The Sociology of Terrorism
The course focuses on health and social services provided by terrorist organizations. Although these types of services are not the first thing that comes to mind when thinking about terrorism, they are an important component of many terrorist organizations’ agendas, one of the ways they can maintain popular support, build legitimacy, and develop experience in governance. The principal goal of this course is to study this strategy across multiple terrorist organizations, in each case mapping the types of health and social services that these organizations provide to better understand terrorist organizations’ governance.
The Sociology of the Privatization of Security
In this course, we will examine the privatization of security from a sociological perspective. It will largely focus on Private Military/Security Companies (PMSCs), their roles, attributes, workforces, and spread. Topics include the evolution of private security; PMSCs’ goals and responsibilities; issues related to the breakdown of the Weberian model of the state, private security and inequality; institutionalism and global privatization of security; contractors’ demographics, and questions of accountability and legitimacy.
Internship Course: Organizational theory and nonprofit health organizations
Nongovernmental organizations (NGOs) are essential part in contemporary health delivery and primary care. In Austin alone there are over 100 different NGOs that provide variety of health-related services, as contractors or primary health providers. Combining theories from the Sociology of Organizations and internship in local health oriented nongovernmental organization this course offers an in-depth outlook to this industry. The course is designed to bring together theory and experience, allowing the students to examine organizational theories in real life situations. We will learn who those NGOs are? What type of services do they provide? What their bureaucracy looks like? What is their organizational culture? What are their organizational conflicts? And other questions. We begin with defining the role of NGOs in the health industry and the type of services they offer while engaging with Sociological scholarship of health and NGOs. Later we continue with organizational theories that will help us understand how those NGOs operate. Next, for each week we focus on a different topic in organizational theory and discuss it in light of the students’ internship experience. The course design is two meeting a week and 7 hours of internship in the assigned organization. The goal is for the class activity and the internship will complement one another and allow the students to use their experience as well as the theories discussed in class to gain better understanding of the complexities of the nonprofit health sector.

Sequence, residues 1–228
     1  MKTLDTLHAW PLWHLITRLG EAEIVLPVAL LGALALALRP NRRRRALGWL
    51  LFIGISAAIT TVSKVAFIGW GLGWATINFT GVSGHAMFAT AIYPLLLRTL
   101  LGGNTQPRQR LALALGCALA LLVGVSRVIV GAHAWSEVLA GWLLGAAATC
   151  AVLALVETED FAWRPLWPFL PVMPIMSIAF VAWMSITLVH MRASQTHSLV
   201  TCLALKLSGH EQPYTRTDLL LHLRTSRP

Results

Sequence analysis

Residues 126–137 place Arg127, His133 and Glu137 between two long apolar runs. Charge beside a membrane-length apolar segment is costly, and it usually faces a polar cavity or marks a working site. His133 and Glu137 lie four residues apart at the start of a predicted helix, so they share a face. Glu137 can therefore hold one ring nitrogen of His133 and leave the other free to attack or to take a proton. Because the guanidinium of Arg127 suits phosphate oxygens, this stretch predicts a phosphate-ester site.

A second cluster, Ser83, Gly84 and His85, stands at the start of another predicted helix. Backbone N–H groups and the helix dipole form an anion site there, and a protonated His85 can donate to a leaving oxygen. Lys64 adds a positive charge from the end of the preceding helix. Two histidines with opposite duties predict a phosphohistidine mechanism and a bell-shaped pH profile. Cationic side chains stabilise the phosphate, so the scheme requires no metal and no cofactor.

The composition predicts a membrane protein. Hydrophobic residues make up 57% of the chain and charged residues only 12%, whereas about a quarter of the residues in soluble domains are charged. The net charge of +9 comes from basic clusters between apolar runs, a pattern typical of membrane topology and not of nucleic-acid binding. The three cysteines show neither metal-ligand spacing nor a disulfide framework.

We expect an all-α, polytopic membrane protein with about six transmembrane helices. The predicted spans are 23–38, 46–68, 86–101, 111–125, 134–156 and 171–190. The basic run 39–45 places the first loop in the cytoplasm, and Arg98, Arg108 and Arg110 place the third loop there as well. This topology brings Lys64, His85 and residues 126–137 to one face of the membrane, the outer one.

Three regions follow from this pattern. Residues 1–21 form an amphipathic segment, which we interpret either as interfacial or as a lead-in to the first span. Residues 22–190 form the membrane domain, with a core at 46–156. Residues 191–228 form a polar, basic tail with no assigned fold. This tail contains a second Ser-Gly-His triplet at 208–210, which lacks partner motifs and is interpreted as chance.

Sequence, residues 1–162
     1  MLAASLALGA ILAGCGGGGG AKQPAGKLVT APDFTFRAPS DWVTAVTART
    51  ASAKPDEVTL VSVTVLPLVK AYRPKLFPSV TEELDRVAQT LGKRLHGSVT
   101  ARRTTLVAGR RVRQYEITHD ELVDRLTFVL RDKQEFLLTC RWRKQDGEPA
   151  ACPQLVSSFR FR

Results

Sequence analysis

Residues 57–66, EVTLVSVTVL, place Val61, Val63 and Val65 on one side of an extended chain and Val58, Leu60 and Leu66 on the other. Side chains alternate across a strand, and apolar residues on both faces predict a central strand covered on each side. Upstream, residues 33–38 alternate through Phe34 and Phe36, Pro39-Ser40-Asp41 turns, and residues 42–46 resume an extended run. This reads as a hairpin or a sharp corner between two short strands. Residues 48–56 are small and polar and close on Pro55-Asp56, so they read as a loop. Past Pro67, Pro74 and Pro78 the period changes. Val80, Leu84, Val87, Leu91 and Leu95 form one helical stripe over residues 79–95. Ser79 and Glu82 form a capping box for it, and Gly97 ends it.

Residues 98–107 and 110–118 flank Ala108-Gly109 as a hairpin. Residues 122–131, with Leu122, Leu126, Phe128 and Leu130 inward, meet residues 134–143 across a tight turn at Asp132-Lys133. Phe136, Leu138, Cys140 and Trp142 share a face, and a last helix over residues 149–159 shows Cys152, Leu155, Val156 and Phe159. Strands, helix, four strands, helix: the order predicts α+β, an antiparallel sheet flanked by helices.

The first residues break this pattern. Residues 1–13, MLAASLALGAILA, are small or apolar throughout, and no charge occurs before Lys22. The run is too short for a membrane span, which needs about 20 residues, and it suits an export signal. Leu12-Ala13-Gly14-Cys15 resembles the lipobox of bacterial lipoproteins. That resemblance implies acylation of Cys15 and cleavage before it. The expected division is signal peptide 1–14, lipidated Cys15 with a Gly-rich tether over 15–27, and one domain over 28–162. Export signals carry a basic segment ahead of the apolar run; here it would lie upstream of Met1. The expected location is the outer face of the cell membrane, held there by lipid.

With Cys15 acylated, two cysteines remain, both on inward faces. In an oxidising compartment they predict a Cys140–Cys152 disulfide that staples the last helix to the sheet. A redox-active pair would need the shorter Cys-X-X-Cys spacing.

NGOs, Humanitarian Aid, and Health
In a globalized world domestic events are often have regional or even global implications. An Ebola virus outbreak in Sierra Leone is not a local event but a global threat, a refugee crisis can easily spill over to other states, destabilizing their economy and political system. One of the international community’s major instruments in dealing with these sort of events is humanitarian aid—the material and logistic assistance to people in need. This course examines the health aspects of humanitarian aid with particular emphasis on the part of nongovernmental organization (NGOs) in the process. By focusing on NGOs and their work the course is designed to inform students about salient issues within humanitarian aid such as the interplay between aid and politics, conflict-related crises, and the effectiveness of development assistance.